The careful construction of an ancient hide-covered boat - only to be destroyed to create art - is all part of a film entitled 'Crann’.
The evocative new work, which is inspired by a poem, will have its world premiere as part of the upcoming IMRAM Literary Festival.
The film, directed by Laura Hilliard, features a dramatic ceremonial scene where a one-man Boyne currach is set ablaze in the shadow of Sceilg Mhichíl.
The film is inspired by the poem ‘Tree’ written by English poet Richard Berengarten.
The work has been translated into Irish for the film by poet Gabriel Rosenstock and the words have been set to music by composer Nick Roth.
In what is described as a "dendro-chronographic film," the work explores a tree in all its aspects, including mythology, history and religion.
Mr Roth says the essence of the film and the music is the celebration and ‘bringing out' of the poem.
"I spent six months writing the music. Berengarten’s poem is actually a response to 'Fast Speaking Woman', another poem by Anne Waldman, but this is in the context of a tree rather than a woman.
"So it’s very kaleidoscopic, with many different aspects. And the music does that as well, it’s constantly changing, with both traditional and contemporary elements, along with sounds like wolf-howling and insect noises." he added.
The burning boat featured in the film is a traditional Boyne currach made by Kerry-based boatbuilder Holger Lonze.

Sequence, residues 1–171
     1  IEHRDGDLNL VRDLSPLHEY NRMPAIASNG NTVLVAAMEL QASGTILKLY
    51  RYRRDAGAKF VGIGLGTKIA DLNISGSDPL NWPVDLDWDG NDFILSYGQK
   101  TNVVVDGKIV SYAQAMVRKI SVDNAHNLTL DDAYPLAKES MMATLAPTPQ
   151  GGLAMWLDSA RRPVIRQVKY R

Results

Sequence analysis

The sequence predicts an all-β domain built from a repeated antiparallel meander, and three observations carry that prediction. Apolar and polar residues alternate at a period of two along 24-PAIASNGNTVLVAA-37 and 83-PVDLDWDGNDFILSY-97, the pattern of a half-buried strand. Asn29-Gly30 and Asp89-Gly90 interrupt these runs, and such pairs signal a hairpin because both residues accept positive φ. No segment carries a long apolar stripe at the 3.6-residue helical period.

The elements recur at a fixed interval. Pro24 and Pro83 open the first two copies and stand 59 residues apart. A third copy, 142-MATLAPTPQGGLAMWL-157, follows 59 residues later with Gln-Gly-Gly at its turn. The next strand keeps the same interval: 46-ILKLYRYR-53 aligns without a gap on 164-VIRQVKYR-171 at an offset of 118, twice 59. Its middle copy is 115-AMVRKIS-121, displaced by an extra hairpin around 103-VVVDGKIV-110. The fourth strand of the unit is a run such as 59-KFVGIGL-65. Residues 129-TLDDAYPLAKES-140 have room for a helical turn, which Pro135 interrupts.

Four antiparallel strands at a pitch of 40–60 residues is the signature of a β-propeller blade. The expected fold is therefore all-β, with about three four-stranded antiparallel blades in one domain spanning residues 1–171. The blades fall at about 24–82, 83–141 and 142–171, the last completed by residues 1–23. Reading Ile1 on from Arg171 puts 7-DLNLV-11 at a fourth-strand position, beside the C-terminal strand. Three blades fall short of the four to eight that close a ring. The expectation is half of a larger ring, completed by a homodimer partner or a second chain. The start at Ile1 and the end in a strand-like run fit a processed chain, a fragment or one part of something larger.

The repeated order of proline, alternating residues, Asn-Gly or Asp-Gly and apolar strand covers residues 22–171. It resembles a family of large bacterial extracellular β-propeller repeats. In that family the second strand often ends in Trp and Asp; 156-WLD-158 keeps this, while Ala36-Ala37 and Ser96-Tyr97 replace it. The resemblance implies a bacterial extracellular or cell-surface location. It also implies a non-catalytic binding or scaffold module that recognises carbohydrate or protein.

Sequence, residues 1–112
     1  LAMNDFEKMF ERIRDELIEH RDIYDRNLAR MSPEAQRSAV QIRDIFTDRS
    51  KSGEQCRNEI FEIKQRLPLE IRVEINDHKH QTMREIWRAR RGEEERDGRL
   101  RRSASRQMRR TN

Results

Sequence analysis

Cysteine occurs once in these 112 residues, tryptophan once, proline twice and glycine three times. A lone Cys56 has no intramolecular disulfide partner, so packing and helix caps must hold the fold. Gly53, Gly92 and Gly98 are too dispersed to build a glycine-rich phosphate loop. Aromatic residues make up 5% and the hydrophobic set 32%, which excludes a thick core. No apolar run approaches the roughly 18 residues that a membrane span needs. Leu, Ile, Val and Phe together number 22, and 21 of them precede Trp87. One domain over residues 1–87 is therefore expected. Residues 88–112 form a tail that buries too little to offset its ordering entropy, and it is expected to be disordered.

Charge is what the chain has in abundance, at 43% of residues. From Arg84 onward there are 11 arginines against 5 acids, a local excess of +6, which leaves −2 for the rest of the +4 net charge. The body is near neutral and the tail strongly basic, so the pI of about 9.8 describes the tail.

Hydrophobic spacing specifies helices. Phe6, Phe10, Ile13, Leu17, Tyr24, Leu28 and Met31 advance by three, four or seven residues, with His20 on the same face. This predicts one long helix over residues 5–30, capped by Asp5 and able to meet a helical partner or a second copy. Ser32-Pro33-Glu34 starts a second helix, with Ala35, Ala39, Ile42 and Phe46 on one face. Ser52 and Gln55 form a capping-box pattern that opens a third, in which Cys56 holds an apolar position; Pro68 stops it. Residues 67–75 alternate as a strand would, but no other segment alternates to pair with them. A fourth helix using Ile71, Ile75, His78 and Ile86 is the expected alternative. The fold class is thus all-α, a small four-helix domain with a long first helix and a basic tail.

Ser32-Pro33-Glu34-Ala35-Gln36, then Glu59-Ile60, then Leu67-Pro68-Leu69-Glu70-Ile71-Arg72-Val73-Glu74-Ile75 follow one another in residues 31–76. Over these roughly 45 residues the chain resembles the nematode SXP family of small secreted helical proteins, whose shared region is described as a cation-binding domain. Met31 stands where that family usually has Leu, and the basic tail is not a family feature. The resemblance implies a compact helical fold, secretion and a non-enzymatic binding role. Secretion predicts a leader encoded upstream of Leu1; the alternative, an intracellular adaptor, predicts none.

"The Boyne Currach is a very simple yet beautiful boat. It's Ireland’s only river currach, the rest are all sea currachs. It’s a simple construction of hazel, cow-hide and twine.
The materials are organic and the currach’s hazel structure is built from the ground up. She is the ideal craft for this kind of project," Mr Lonze said.
The boat was set on fire against the dramatic backdrop of the 6th century monastic outpost of Sceilg Mhichíl.
Olesya Zdorovetska, one of the vocalists featured in the film, said it was a very moving experience.
"These powerful landscapes and these things that we are creating are very rooted in Ireland’s soul.
"There’s something in this piece of art that is very connected to this place, with all the forces of nature and all the mythologies evoking images," she said.
To coincide with the celebration of the winter solstice, the world premiere of ‘Crann’ will be screened online next Monday, 21 December, at 8pm.